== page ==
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University of the West of Scotland

Physics BSc Hons (Sandwich)

UCAS Code: F300

Bachelor of Science (with Honours) - BSc (Hons)

Entry requirements


A level

C,C,D

Including Maths and Physics

International Baccalaureate Diploma Programme

24

Irish Leaving Certificate - Higher Level

H3,H3,H3,H4

Scottish Higher

B,B,B,C

Including Maths and Physics

UCAS Tariff

102

Including Maths and Physics

85%
Applicants receiving offers

About this course


Course option

5years

Sandwich | 2018

Subject

Physics

This programme teaches the fundamentals of physics as a core science and will develop your professional skills and expertise for a career in any area of physics, from industrial applications to academic research.

You will study core topics in physics, along with option subjects. Practical classes will enhance your familiarity with experimental physics.

The Honours sandwich programme also offers an optional year’s paid work experience with an industrial or scientific employer in the UK or abroad.

There is high demand for physics graduates, from industries including microelectronic telecommunications, optics and energy.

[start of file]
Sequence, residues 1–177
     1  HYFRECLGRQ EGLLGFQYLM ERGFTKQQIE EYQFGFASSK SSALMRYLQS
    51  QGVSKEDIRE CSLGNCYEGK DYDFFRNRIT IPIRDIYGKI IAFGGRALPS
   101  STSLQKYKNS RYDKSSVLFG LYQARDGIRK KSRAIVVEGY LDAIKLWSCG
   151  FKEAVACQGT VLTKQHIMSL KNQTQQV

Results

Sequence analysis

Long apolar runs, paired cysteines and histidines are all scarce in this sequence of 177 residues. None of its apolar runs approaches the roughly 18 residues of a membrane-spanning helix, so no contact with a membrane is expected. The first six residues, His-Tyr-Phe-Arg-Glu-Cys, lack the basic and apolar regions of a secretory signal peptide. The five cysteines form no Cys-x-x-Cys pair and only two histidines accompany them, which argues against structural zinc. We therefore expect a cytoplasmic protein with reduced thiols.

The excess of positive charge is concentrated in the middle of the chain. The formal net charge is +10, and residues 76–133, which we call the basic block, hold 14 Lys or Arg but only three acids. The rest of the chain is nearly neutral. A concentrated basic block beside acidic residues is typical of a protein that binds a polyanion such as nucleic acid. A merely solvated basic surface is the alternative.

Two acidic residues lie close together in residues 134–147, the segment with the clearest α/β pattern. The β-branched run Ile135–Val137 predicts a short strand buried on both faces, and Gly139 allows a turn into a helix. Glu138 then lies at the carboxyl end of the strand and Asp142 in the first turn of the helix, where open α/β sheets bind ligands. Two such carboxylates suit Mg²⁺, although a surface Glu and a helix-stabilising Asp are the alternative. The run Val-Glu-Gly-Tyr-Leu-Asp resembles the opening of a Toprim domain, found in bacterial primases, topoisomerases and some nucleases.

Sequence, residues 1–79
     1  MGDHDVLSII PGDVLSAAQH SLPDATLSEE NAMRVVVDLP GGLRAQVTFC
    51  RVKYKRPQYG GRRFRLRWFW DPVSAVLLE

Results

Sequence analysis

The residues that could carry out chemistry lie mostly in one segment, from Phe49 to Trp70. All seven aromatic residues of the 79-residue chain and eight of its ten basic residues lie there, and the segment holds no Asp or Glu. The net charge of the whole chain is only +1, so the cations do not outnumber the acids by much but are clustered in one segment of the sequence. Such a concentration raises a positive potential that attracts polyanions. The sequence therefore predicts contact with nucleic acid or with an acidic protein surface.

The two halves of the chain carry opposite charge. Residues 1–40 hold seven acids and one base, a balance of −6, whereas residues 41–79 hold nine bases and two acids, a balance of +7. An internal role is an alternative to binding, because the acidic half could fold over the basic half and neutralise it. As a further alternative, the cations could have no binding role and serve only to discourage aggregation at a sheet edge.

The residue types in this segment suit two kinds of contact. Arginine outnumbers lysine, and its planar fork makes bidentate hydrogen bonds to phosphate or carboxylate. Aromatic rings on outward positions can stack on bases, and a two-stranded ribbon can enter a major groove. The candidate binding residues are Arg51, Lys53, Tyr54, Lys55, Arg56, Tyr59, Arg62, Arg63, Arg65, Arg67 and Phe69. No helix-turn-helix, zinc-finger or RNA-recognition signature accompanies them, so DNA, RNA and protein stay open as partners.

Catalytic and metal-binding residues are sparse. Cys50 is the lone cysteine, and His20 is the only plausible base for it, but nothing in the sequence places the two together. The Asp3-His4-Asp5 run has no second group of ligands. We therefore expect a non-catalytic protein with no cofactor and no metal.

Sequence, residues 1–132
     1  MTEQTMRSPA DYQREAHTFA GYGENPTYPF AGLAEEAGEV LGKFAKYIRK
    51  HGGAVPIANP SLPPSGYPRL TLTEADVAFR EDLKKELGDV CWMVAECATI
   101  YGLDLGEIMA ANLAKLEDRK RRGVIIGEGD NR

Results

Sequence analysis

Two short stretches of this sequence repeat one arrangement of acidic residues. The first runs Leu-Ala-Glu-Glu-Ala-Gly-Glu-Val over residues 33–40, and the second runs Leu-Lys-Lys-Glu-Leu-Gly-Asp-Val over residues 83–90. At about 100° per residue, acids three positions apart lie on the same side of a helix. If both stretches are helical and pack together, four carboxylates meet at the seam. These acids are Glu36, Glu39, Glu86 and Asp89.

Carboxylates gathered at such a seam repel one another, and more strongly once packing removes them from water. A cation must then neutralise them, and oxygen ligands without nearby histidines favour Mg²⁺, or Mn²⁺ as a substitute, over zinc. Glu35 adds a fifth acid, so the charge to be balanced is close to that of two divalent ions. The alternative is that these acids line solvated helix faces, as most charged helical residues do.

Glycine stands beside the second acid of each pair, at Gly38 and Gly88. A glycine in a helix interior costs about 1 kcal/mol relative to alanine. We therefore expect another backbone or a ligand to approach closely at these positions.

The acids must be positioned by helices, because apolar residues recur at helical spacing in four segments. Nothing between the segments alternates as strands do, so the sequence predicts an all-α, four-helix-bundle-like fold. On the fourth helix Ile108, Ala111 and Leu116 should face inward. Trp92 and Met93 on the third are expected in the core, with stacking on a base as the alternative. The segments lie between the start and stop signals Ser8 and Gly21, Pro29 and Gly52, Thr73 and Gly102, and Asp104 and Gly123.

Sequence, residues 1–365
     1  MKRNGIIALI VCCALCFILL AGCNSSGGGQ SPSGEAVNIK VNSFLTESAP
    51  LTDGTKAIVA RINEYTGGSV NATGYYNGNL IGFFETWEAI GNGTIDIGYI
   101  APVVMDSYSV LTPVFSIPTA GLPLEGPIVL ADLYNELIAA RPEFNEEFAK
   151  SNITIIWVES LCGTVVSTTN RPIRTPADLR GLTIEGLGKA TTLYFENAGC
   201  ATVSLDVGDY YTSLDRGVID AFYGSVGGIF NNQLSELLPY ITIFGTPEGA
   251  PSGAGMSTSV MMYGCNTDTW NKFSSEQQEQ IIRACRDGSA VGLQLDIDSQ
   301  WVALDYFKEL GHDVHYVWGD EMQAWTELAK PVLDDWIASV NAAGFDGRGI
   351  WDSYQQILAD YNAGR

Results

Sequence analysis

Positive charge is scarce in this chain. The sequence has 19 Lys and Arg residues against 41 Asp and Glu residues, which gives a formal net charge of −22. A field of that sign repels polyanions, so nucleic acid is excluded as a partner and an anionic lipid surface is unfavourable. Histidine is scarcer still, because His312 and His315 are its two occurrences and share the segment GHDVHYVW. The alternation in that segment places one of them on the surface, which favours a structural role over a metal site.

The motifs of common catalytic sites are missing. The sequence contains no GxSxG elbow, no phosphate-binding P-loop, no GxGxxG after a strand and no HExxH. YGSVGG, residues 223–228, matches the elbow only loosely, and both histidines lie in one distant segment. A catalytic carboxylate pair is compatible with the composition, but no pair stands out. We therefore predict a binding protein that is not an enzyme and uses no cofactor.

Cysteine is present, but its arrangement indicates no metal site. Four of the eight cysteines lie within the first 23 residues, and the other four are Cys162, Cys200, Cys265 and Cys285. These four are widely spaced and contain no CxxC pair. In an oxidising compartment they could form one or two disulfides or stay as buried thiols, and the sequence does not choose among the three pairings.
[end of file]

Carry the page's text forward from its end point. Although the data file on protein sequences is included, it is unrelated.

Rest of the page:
Physicists are also in demand in the public services, including schools and hospitals, the civil service and research laboratories. Graduates work with companies including BAE Systems, Fujitsu, Motorola, and Nikon.

The programme is accredited by the Institute of Physics (IOP).

Course content
You will be taught by academics who are specialists in the field, and UWS is one of eight Scottish universities that have formed a research alliance with the aim of placing Scotland at the forefront of physics research.

You will study core topics in physics, along with option subjects. During the first three years of the programme, practical classes will enhance your familiarity with the principles and techniques of experimental physics. You will have flexibility in your choice of final degree title.

Guest speakers from industry also form part of the programme to further deepen your understanding of the subject. A representative from Thales Group recently addressed 3rd and 4th year students